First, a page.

Port of Corpus Christi is planning to convert its Pelican facility to anhydrogen processing center, as they continue to explore options for hydrogen as a useful fuel for industrial, military, and government applications. The facility is nearing its completion in Corpus Christi.
According to a Publication report, the facility is getting ready to become an industrial and military shipyard in an effort to secure millions of dollars in needed funding.
“Pelican is preparing to ramp up production to its maximum possible capacity at a state-of-the-art facility. The facility has ample fixed term capacity, enough operating capital, and flexible access to labor,” said port spokesman Todd Poston.
The Pelican facility currently has total production capacity of over 240,000 metric tons of isobutanol per year. Pelican plans to get that production capacity up to 300,000 metric tons per year.
Pelleican is developing an “oil-powered petrochemical gas processing plant with 1.5 million cubic feet per day capacity.” This facility is planned to be retrofitted to increase the processing capacity to 25 million metric tons.
The Port of Corpus Christi hopes to attract a major power company as a partner to build and operate the facility. They also hope to sell the hydrogen power to other electric utilities.
In an effort to connect with power companies in Corpus Christi and other cities, the Port of Corpus Christi is looking at different options for hydrogen, like electric vehicles, and microgrids. Some microgrids focus on supplying the electricity for hydrogen production, while others have plans for the infrastructure that would support hydrogen production.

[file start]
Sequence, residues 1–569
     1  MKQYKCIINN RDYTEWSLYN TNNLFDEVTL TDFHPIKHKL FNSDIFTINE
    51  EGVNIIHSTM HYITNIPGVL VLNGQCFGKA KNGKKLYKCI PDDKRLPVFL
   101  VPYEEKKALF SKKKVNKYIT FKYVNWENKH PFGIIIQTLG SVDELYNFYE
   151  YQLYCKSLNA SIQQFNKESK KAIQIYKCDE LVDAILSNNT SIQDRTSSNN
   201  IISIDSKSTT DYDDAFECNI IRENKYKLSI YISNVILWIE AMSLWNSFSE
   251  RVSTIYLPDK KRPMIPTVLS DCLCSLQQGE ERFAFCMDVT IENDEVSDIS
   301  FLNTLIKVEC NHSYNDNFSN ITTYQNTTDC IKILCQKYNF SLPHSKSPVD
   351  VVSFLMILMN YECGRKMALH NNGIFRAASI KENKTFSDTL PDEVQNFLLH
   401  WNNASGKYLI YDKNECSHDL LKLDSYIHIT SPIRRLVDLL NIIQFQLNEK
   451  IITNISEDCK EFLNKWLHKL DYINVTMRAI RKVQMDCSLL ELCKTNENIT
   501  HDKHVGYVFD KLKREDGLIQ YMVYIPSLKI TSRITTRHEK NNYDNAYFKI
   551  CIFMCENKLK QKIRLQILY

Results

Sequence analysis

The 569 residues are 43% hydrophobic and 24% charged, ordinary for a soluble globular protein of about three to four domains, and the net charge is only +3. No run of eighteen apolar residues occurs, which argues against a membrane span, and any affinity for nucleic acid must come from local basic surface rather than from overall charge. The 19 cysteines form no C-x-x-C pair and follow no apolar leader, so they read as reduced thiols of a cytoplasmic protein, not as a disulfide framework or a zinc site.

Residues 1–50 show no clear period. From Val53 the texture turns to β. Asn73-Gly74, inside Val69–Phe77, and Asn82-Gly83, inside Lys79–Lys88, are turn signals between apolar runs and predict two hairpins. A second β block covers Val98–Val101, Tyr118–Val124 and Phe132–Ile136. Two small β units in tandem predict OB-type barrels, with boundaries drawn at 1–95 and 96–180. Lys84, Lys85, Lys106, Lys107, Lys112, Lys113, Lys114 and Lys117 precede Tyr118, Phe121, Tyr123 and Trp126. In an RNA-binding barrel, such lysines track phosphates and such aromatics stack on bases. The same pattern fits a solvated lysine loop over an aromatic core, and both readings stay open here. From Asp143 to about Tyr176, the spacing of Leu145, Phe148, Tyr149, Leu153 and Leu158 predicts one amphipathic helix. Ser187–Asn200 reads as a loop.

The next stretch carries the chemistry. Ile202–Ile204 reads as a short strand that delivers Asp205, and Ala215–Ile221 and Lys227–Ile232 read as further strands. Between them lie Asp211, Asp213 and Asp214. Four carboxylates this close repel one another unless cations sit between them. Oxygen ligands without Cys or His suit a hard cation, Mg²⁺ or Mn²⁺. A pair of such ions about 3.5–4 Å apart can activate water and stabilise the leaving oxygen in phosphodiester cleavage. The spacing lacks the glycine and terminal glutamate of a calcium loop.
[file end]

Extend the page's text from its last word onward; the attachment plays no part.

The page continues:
Pelleican will also conduct “Nano Tank Analysis and Release Testing to determine future production methods in a bid to reduce overall operating costs.”
The Port of Corpus Christi is also exploring a project to convert the area around its Pelican facility to bioplastics, as a drop in costs would enable them to produce hydrogen.
The Pelican facility is currently being used as a Navy tactical shipyard and as part of an effort to convert the neighboring Port of Corpus Christi facility to serve as the U.S. combat aircraft & naval base.
“We’re continually exploring how we can use different types of fuel sources to operate our naval facility at a lower cost,” Poston said.
Correction: This article originally referred to the Port of Corpus Christi as the Port of Corpus Christi.